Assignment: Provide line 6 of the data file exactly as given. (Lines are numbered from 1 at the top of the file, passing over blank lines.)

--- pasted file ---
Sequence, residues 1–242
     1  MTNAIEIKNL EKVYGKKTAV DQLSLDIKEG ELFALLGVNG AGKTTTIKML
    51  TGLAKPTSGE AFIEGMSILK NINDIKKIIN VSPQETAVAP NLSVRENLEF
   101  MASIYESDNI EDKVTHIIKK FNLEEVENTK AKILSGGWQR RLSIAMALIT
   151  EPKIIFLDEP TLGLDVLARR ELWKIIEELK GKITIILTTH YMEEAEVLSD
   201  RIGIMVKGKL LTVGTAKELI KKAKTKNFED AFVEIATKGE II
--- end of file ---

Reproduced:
   201  RIGIMVKGKL LTVGTAKELI KKAKTKNFED AFVEIATKGE II